Madhya Pradesh farmers’ protest: Police firing puts BJP on the back foot, Congress gains | india-news | Hindustan Times
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Madhya Pradesh farmers’ protest: Police firing puts BJP on the back foot, Congress gains

Five farmers were killed in Madhya Pradesh’s Mandsaur when police fired on protesters demanding better prices in the drought-ravaged region.

india Updated: Jun 07, 2017 20:24 IST
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Farmers set ablaze a police emergency vehicle in Hatpipalya, Madhya Pradesh on Wednesday.
Farmers set ablaze a police emergency vehicle in Hatpipalya, Madhya Pradesh on Wednesday.(PTI Photo)

The killing of five farmers in police firing in Madhya Pradesh is bad news for chief minister Shivraj Singh Chouhan, 14 years after the Bhararitya Janata Party (BJP) swept to power. The state goes to polls next year and analysts and political commentators feel the current turmoil might turn the farming community against the ruling party.

The BJP is keeping up a brave face for the moment, saying the crisis will pass. “This was completely Congress sponsored violence. In such a situation the Congress will not gain anything politically. The state government has fulfilled almost every demand of the farmers in the past over 10 years,” insisted former MP and veteran BJP leader Kailash Sarang.

But many others disagree. “Congress has really benefited in the short term, but it remains to be seen if it would be able to cash in on the situation in the long run,” said political commentator Girijashankar.

In a state where farmers account for a sizable chunk of the 50 million electorate, the political ramifications of the farmer deaths could be huge. A nervous state government initially attempted to deny the complicity of the police after news broke that farmers agitating for better crop prices had been fired on in Mandsaur on Tuesday. Through the day, chief minister Chouhan and home minister Bhupendra Singh went on record to say, “Police didn’t fire at the farmers.”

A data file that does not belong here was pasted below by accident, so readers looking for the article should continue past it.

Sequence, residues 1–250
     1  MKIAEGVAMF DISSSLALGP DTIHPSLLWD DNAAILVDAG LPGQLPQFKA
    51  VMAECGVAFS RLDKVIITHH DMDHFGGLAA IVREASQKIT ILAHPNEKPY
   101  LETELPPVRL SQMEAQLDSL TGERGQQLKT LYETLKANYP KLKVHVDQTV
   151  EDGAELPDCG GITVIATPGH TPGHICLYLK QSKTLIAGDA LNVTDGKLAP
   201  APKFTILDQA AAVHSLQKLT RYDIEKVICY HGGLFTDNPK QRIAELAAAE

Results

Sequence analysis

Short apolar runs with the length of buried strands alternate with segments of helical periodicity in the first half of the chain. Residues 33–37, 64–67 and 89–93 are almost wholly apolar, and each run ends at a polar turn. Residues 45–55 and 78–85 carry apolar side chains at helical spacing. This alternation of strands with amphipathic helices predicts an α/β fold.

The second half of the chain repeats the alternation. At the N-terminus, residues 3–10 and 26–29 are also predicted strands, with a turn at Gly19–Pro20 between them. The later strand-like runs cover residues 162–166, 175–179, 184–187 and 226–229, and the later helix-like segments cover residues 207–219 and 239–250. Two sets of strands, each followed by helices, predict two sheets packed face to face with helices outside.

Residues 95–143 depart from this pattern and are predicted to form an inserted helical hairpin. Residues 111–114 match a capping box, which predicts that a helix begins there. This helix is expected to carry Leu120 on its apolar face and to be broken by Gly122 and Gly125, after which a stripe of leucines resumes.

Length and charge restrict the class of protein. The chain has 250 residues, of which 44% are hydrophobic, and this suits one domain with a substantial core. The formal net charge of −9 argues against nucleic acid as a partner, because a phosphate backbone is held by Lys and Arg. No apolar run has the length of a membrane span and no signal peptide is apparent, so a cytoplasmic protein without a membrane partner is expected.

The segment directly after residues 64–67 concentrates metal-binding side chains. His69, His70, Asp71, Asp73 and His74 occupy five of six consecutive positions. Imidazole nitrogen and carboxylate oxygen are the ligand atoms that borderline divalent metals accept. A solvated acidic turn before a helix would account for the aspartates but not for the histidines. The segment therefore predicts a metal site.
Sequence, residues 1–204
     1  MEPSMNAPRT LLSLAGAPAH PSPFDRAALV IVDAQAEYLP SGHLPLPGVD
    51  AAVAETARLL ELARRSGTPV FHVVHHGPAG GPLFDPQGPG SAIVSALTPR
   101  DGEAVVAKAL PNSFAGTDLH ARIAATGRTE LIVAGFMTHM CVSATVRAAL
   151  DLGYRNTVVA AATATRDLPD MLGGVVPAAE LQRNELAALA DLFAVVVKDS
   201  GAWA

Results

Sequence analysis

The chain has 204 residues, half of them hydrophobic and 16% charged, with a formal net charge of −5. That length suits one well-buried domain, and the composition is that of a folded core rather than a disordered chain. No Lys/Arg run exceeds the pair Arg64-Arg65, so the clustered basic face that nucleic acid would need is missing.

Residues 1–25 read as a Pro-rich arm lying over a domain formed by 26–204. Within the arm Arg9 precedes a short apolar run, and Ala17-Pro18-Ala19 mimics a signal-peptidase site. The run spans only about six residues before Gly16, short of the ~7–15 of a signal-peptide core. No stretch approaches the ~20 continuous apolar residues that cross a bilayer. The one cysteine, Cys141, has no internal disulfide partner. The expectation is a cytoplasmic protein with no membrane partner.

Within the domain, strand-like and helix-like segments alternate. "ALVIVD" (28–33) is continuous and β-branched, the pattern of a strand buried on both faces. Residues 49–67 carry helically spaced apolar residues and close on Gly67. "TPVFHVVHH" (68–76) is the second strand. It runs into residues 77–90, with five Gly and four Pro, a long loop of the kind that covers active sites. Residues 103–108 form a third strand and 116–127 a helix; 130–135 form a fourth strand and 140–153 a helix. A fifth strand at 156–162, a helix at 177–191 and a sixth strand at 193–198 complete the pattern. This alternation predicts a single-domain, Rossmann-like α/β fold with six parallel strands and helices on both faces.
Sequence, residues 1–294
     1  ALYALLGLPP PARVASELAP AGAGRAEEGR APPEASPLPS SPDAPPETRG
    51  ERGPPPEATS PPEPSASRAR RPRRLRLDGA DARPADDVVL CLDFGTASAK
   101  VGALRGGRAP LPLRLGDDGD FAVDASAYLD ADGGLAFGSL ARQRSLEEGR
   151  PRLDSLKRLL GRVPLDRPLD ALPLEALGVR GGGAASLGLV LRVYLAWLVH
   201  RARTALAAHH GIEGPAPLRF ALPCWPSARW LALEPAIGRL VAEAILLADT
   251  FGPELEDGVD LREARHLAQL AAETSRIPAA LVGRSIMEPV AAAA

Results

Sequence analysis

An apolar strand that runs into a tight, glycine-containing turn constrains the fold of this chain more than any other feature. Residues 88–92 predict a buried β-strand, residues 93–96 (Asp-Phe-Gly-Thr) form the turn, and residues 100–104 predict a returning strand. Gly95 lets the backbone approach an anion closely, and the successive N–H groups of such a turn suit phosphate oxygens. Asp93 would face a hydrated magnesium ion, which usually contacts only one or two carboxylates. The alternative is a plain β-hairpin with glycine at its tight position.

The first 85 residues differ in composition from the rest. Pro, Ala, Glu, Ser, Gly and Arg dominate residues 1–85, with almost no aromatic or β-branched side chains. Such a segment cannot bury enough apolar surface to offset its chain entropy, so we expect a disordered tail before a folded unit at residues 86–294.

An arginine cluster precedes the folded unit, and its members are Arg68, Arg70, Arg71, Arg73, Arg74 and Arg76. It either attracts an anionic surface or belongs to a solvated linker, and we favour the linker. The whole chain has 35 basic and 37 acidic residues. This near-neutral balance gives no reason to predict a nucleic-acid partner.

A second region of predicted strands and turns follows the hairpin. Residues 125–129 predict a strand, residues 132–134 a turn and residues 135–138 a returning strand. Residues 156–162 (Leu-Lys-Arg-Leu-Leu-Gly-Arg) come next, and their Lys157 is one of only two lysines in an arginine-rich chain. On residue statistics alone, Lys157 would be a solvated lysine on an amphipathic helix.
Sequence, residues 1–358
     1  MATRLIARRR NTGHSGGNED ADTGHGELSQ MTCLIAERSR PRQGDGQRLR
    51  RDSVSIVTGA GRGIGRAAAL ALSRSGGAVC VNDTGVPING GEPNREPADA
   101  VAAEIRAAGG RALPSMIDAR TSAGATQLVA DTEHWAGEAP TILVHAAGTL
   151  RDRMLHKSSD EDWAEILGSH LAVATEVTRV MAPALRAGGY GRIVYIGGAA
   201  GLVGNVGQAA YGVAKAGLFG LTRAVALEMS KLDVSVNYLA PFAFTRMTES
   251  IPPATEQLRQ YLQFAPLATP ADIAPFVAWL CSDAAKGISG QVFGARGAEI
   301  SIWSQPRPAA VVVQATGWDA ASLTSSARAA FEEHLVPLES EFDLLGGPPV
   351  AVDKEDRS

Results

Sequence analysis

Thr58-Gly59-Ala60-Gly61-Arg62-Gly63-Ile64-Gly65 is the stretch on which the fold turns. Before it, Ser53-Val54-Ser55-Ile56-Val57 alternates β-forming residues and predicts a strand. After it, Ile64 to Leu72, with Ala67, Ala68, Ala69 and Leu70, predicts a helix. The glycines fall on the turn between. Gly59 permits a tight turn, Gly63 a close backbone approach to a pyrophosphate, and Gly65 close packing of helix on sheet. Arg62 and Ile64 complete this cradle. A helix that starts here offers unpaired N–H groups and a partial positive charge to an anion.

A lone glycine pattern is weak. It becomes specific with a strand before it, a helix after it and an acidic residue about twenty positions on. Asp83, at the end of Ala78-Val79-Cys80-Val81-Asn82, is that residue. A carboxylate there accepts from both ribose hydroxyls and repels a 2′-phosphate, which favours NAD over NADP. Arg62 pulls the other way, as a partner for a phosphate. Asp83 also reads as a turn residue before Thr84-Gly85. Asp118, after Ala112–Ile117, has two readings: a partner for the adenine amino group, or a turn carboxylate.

By evening however, the tone and tenor of party leaders had turned defensive. The home minister admitted that the police personnel fired in at the crowd in “self-defence”. The government also increased the compensation to the families of the deceased farmers from Rs 5 lakh to Rs 1 crore, the largest ex-gratia payment in Madhya Pradesh so far.

Farmers torch trucks at Mhow-Neemuch Highway in Mandsaur district of Madhya Pradesh on Wednesday. (PTI Photo)

Many, including those even in the administration, are blaming the chief minister. First, he had reportedly refused to acknowledge the agitation when it began on June 1, and then dubbed the protesters as “anti-social elements” after the demonstrations turned violent.

Rather than engaging with the farmers, the chief minister is also accused of seeking to divide them by ignoring their leaders such as Shivkumar Sharma and Anil Yadav. Instead, he struck a bargain with the Bharatiya Kisan Sangh (BKS), a farmer body associated with the Rashritya Swayamsevak Sangh (RSS). The BKS immediately announced its withdrawal from the agitation on Sunday evening, further angering the farmers across western Madhya Pradesh.

To make matters worse, state BJP president Nandkumar Singh Chauhan said the farmers affiliated with the BKS would felicitate the CM for defusing the agitation by marginally raising the procurement prices for onions and lentils. The statement alienated the farmers more, even forcing the BKS to distance itself from the planned felicitation.

A state of farmers

The tragic events in Mandsaur have given fresh ammunition for another round of political slug fest.

Congress, the principal opposition party in the state, is trying to seize the opportunity and punch holes in the state government’s claim of successfully turning around the agrarian economy.

Accusing the government of betraying the farmers, Congress spokesman Bhupendra Gupta said “chief minister Chouhan spoke of farmers’ welfare all these years but did precious little”. Gupta has also been quick to add that the “Congress was a real well-wisher of the farmers”.

The party is hoping that following the Mandsaur violence, the perception would grow that economic benefits have bypassed the farmers.

State BJP spokesman Rajneesh Agarwal, however, defended the state government and maintained that Congress plans would come to a naught, pointing to the Central-government’s Krishi Karman award that Madhya Pradesh won five times in a row and the state’s annual agricultural growth of about 20%. These figures, he said, spoke of the prosperity of farmers in Madhya Pradesh.